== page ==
The Al Mayadeen news network gives voice to left-wing Arabs
Arabian satellite news
Frustrated with Al Jazeera’s coverage of the Arab Spring and the popular uprising in Syria, former Al Jazeera broadcasters and journalists established the pan-Arab satellite network Al Mayadeen in 2012 with support from Iran. The new satellite network has attracted a large audience in the Arab world, particularly among the political left who want an alternative to Islamist and Saudi Arabian dominance in the region, new research from the University of Copenhagen shows.
In 2011, when the Arab Spring spread across North Africa and the Middle East, it was the satellite network Al Jazeera which dominated the coverage. However, several of Al Jazeera’s own staff were so dissatisfied with the pro-rebel and anti-Assad bias in the coverage of the Syrian conflict that they left Al Jazeera and helped establish Iran’s new pan-Arab media network – Al Mayadeen, which is based in Beirut.
“While it is true that the genesis of Al Mayadeen is to be found in the protests against the coverage of the Arab Spring and particularly the conflicts in Syria and Bahrain, the viability and continuing appeal of the network can be attributed to more fundamental ideological conflicts in the Arab world,” University of Copenhagen researcher Christine Crone says. Crone has recently defended her PhD thesis on Al Mayadeen.
Homeless political left
Analyses of a wide range of Al Mayadeen shows from the network’s first four years as well as interviews with the staff allow Crone to investigate the political trends that manifest themselves in Al Mayadeen’s TV shows and editorial priorities:
“The network has a strong focus on cultural affairs and allows intellectuals and artists such as the famous Egyptian feminist Nawal Saadawi to voice their opinions. Also, Al Mayadeen stands out in the Arab media world by promoting an ideal of religious pluralism and has, for instance, a weekly show about Christianity – which is unheard of in the Arab world. Many left-wing Arabs are actually secularists, but an Iran-funded television network cannot be a mouthpiece for secularism, so religious pluralism was obviously the compromise they could agree on,” Crone says and adds:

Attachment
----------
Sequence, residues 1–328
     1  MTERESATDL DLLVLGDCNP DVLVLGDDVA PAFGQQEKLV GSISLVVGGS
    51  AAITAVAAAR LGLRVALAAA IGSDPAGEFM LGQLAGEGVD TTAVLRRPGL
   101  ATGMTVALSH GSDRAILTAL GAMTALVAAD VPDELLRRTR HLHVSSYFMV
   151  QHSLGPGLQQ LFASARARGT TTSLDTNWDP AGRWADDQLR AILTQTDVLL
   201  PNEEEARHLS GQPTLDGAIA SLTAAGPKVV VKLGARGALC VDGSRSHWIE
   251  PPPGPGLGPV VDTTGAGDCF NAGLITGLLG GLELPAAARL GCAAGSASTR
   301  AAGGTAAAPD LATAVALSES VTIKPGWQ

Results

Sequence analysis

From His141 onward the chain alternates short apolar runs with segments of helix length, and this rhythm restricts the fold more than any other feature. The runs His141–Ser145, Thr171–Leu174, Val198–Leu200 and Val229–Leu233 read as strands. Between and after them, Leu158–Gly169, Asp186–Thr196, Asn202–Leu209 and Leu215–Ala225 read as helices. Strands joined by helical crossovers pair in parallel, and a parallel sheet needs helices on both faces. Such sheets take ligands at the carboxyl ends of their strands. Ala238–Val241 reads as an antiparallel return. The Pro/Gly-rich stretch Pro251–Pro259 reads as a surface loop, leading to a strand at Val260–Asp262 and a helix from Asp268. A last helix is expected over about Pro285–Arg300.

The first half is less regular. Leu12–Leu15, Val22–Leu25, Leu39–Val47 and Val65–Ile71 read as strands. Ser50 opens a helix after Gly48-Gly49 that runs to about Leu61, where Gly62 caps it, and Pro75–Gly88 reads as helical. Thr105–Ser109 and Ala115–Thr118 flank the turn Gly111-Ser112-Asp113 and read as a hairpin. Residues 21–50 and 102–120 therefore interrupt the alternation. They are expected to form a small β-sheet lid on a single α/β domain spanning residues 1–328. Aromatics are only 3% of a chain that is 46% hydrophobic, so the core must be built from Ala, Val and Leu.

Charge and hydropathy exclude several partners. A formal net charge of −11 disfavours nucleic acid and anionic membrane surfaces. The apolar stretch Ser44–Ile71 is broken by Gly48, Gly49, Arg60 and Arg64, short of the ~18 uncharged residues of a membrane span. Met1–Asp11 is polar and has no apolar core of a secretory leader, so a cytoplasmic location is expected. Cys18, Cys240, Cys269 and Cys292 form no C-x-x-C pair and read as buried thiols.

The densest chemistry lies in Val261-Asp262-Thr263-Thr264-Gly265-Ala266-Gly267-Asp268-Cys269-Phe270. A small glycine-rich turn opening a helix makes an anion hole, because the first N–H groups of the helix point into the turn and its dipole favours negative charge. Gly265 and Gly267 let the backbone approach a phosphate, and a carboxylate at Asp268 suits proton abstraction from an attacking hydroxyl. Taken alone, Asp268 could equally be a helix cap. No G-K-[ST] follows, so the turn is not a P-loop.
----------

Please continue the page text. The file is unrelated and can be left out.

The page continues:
“And compromises have been made from the very beginning at Al Mayadeen: the left-wingers have had to moderate their strong democratic principles and accept Iran’s authoritarianism in the fight against Saudi Arabia; many left-wing Arabs feel homeless in a Middle East where Saudi Arabia and extreme Islamism are so dominant, and to them Iran is the progressive or pragmatic alternative to Saudi Arabia, and Bashar al-Assad is the alternative to Islamism. Al Mayadeen has become an important platform for these alternative views, even though they are often the result of compromises.”
South American collaboration
For decades, many Arabs have dreamed about creating a pan-Arabian society in which all Arabs could live together under one nation. But with the current political and military conflicts in the region, this dream seems more and more unattainable, which is why the Al Mayadeen staff have opted for a different strategy:
“Al Mayadeen is collaborating with the South American TV network TeleSUR, with which they co-produce a monthly show. Their ambition is to create a media network across “the revolutionary South” in order to counter Western imperialism,” Crone explains and elaborates:
“To left-wing Arabs, a global outlook is important, and, to them, Cuba and Venezuela are based on true revolutionary uprisings that they aim at emulating – as opposed to the Arab Spring in 2011 – so collaboration with South American media makes sense. Again, they need to see an alternative to the reality media such as Al Jazeera and Al Arabiya present, which they do when Al Mayadeen produces shows with the South American left.”
PhD Christine Crone
Department of Cross-Cultural and Regional Studies
University of Copenhagen
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